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A Short History of the Future: Surviving the 2030 Spike by Colin Mason

By Colin Mason

Has the longer term a destiny? Are we bringing background to an finish? looking at anyone of numerous person yet severe developments means that, with out fast and confident motion, heritage could have just a very brief approach to run. if it is the expansion of worldwide inhabitants, of greenhouse fuel concentrations and the accelerating fee of weather swap, the operating down of oil and ordinary fuel reserves, becoming shortages of unpolluted water for agriculture, and household use, or the expanding hassle in controlling epidemic illnesses � we face a mounting international difficulty that would height in below a iteration, round the yr 2030. Taken jointly, those tendencies aspect to a probably apocalyptic interval, if now not for the planet itself then definitely for human societies and for humankind. during this compelling ebook, and replace to The 2030 Spike, Colin Mason explains in transparent and irrefutable phrases what's going � principally under the skin of our day-by-day or weekly information announcements. the image he paints is stark, and but it's not bleak. Being forewarned, we're forearmed, and he attracts on his personal wide political event to explain how a lot we will do as participants, and peculiarly jointly, now not simply to stay clear of quandary yet to engineer thoroughgoing swap which may bring in surely sustainable and helpful choices to the way in which we are living now.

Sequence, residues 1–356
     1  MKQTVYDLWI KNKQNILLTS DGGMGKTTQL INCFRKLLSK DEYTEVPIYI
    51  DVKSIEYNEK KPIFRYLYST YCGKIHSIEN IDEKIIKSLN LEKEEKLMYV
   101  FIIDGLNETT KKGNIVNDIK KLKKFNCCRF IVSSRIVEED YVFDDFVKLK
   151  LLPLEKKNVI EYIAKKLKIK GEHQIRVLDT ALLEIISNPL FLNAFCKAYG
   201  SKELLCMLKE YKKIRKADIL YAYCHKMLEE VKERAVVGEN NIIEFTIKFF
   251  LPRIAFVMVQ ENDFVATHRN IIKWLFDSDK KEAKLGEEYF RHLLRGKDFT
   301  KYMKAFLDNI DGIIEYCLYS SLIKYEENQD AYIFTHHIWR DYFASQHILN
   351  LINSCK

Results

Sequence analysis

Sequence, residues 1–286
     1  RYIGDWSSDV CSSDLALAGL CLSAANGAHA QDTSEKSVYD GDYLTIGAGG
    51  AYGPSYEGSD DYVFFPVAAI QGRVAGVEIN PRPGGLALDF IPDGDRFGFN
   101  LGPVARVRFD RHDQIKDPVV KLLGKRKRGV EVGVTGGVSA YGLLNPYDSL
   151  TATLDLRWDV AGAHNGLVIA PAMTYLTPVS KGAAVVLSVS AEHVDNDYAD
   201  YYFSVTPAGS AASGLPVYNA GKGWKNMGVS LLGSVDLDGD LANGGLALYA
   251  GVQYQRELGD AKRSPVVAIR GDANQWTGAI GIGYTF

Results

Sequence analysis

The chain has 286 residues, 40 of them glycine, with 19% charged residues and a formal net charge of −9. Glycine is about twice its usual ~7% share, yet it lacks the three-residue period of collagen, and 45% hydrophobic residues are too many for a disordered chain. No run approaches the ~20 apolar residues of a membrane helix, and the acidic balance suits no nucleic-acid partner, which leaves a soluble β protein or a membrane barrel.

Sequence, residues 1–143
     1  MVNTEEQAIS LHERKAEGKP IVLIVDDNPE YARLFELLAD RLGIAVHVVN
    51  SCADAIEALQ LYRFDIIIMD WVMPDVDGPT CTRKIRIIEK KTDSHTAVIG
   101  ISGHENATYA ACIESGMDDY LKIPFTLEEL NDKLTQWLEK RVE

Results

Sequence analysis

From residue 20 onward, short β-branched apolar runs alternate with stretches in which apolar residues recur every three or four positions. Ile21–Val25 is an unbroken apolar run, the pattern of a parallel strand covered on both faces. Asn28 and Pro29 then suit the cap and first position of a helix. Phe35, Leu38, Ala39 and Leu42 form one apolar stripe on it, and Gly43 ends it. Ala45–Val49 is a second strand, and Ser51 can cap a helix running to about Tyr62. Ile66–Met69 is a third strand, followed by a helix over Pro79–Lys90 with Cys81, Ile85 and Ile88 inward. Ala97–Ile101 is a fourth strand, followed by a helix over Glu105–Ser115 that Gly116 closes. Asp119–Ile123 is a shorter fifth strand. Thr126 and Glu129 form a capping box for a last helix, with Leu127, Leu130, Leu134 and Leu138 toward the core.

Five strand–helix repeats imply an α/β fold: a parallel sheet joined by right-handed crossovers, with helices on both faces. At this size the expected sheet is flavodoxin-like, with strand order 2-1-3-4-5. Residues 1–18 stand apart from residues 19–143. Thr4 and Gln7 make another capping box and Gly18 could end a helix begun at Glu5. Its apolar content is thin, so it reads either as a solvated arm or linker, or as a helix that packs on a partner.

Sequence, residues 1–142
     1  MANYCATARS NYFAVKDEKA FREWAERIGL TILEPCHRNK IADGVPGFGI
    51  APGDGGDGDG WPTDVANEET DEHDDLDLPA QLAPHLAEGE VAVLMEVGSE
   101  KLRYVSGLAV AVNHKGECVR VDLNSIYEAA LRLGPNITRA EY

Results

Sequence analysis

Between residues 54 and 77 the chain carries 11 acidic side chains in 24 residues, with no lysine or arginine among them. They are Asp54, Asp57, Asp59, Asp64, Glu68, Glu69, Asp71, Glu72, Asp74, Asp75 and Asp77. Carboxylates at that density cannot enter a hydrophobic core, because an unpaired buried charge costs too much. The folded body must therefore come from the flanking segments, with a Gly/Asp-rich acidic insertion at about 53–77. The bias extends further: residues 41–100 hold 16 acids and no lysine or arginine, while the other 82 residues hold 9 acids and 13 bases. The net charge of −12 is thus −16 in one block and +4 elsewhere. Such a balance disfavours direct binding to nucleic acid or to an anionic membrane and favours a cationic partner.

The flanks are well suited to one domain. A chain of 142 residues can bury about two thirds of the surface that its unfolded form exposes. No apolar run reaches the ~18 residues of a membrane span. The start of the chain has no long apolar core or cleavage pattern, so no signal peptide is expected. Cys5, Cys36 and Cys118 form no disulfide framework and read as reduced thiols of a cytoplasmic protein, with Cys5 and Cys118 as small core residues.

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However, commercial production, while considered feasible, is not likely for several decades, with tentative price estimates of $4 to $6 per thousand cubic feet. If new areas of sustainable energy production could be created in the poorest nations of the world, so giving them a source of income, several major objectives would be served. The use of hydrogen as a fuel is one suggestion. The developing countries in the tropics that have deserts – among the poorest of the poor – could be economically transformed by new energy industries based on hydrogen.

The new designs, still in the research stage, use over 300,000 billiard-ball sized ‘pebbles’ made of 24 IS THERE A CRISIS? uranium and graphite which fuel the reactor, greatly reducing the risk of ‘meltdown’. However, unless all of these are perfectly shaped they will jam – such a jamming caused the West German government to close down its programme in 1986 as too dangerous. Graphite is inflammable – it has been involved in a number of reactor accidents in the past, so there is a fire risk. Because of a requirement to be open to natural convectional air cooling some pebble bed reactor designs have no containment vessel, giving easier access to sabotage or terrorists.

Other 2030 drivers. Will it really happen? Can it be avoided? The answer to the first question is probably yes, and to the second, probably no. Refusal by the US and Australia to sign the 1997 Kyoto Protocol on climate change and the massive and increasing use of coal-fired power stations in China and India make continued high rates of carbon dioxide emissions almost inevitable. In any case, it is now generally acknowledged that the Kyoto target of reducing greenhouse gases 5 per cent by 2012 from 1990 levels is grossly inadequate – as much as 50 per cent would be necessary to check global warming.

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